Welcome to 1×10, where we ask 1 inspiring human 10 questions about how they are using cycling as a force for good. Read on to learn about Sam Starr, Chief Instigator of all things eCargoBike and cycle logistics in North America, co-founder of VeloLogistics coalition, and president of consultancy, Critical Mobility. I got connected to Sam through Andrea Learned, the very first 1×10 interview for this site, who co-founded VeloLogistics with Sam. She is passionate about #bikes4climate so I knew she and Sam would be up to something good. Learn about how Sam fell in love with cycling, his favorite bike, and how he’s using bikes to do good, and more in his 1×10 interview.
1. How / why did you fall in love with cycling?
I started when I was very young. Growing up in the suburbs of DC, and living near the C&O Canal Towpath and new Capital Crescent Trail, the bicycle was my first mode of transportation that gave the freedom to get out of the house, explore the area and city, and get exercise. I started a bike club in high school and we would ride all over the city, pushing our distances further each time – on mountain bikes oddly enough. After university and owning a series of cars, not too proud of that, for many years in order to live and get to a variety of jobs all across the US, I realized how much I couldn’t stand driving a car anymore, and the cost of ownership was becoming exorbitant. Getting rid of my car and living in cities where I could walk and cycle or transit everywhere opened up doors for me. I love the freedom and flexibility cycling provides, as well as the exercise benefits I get from it. Having been car-free for almost 5 years now, non-continuous, I don’t ever see myself purchasing a car. I love cycling!
“Getting rid of my car and living in cities where I could walk and cycle or transit everywhere opened up doors for me.”
2. Favorite Bike (that you own or covet)?
My British Racing Green Brompton H6R that I look forward to traveling across Europe with this month. I do covet a Velove Armadillo eCargobike, but we cannot currently get them here in North America due to regulatory issues.
3. What’s the most memorable ride you’ve done, and what happened?
I cycle toured up Vancouver Island, from Nanaimo to Port McNeill & Telegraph Cove, British Columbia. It was my first ever cycle tour, 550 km and over 5500 meters of elevation gain in 6 days. The ride was not only memorable from all the camping, the experiences, the history of Telegraph Cove, and the beauty of British Columbia, but also because it taught me that we can do anything we put our mind to on a bike. Not only can we use bicycles to get anywhere where we want, but we can carry our lives with us. The bike is the environmentally-friendly solution to our mobility needs, and it truly works to bring communities together. Funny story from the trip. After managing to get a flat tire while at a local distillery on the Island, I accidentally left my bike lock on their patio. When I called the next day to ask them to mail it back to me (with a bottle of their single malt whisky that I desired and happily paid for), I forgot to provide my name to the person on the other end of the phone. The lock arrived by the time I got back from the tour with the name “Bike Lock” on the box. Thank you Shelter Point Distillery for saving the day and providing a good memory and one I’m still enjoying – Slainte!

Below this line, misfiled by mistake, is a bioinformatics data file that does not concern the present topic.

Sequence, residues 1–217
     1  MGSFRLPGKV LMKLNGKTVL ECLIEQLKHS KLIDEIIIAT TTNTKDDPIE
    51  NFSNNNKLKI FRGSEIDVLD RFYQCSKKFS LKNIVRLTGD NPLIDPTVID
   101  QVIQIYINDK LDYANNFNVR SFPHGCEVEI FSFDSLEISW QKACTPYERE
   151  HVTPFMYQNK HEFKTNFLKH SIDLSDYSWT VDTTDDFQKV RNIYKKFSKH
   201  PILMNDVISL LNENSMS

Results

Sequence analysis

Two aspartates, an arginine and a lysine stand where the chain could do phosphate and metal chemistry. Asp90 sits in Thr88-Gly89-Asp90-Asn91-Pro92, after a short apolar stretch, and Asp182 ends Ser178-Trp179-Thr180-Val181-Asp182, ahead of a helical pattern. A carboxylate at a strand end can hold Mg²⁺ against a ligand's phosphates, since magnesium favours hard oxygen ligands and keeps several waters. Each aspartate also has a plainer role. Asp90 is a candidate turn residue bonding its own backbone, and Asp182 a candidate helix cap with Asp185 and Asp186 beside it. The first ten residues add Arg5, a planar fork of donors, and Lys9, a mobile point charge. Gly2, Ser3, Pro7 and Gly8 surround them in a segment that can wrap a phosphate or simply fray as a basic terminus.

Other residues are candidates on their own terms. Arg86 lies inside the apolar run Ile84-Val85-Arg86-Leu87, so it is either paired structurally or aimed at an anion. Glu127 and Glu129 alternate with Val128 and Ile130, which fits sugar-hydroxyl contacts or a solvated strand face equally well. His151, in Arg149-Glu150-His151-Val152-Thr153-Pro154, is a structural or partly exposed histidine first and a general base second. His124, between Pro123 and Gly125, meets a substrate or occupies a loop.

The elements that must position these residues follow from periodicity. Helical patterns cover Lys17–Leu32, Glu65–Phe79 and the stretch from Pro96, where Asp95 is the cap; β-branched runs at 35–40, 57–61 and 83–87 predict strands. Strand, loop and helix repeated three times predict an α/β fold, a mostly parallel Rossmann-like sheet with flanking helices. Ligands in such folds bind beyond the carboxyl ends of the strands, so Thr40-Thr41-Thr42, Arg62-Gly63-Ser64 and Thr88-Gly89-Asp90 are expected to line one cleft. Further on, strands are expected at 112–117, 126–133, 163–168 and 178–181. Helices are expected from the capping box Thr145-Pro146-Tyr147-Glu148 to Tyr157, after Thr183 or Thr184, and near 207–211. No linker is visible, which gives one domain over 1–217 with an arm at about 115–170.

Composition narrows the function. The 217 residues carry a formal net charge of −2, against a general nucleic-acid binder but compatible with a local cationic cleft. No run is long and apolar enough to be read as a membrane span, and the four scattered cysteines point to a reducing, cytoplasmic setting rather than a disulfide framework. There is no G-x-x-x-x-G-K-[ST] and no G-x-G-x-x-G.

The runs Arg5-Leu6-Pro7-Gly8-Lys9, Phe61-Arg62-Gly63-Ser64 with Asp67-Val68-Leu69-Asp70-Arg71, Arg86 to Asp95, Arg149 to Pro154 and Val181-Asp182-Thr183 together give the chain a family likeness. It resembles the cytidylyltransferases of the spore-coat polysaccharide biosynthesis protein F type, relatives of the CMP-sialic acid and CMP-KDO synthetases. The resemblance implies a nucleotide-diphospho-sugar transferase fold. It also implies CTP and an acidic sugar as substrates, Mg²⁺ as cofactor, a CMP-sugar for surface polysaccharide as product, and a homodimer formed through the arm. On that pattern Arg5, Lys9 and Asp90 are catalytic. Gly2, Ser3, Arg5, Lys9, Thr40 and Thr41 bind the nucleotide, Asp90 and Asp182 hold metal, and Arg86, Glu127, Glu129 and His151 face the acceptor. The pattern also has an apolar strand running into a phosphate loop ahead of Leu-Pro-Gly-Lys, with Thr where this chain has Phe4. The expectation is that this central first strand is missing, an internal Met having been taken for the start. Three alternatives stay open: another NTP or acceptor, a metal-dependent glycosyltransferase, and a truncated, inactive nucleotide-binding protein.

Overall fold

“The ride was not only memorable from all the camping, the experiences, the history of Telegraph Cove, and the beauty of British Columbia, but also because it taught me that we can do anything we put our mind to on a bike.”
4. Who do you admire in the cycling world?
I admire the European Cycling Logistics Federation (ECLF) and the International Cargo Bike Festival (ICBF) organizations. Richard Armitage and Jos Sluijsmans and others involved are leading a great movement to get companies large and small to see the value and benefits of using eCargobikes for their businesses. These organizations have created extensive partnerships and generated academic research, festivals, businesses, and public speaking, and are driving the cycling logistics movement across Europe. I am inspired by them to get the movement going here.
“Richard Armitage and Jos Sluijsmans and others involved are leading a great movement to get companies large and small to see the value and benefits of using eCargobikes for their businesses.”
5. Top tip for a new rider, or a cyclist about to take on a new challenge?
Pace yourself! If you’re not comfortable doing long rides, touring, or whatever your challenge is, don’t push it and just manage your pace. One of the things I learned cycle touring is that the hills can get long, but get in a comfortable gear and give yourself plenty of time, enjoy the scenery, and you’ll make it to the top. You’ll also be stronger because of it.
6. Favorite trend or innovation in cycling?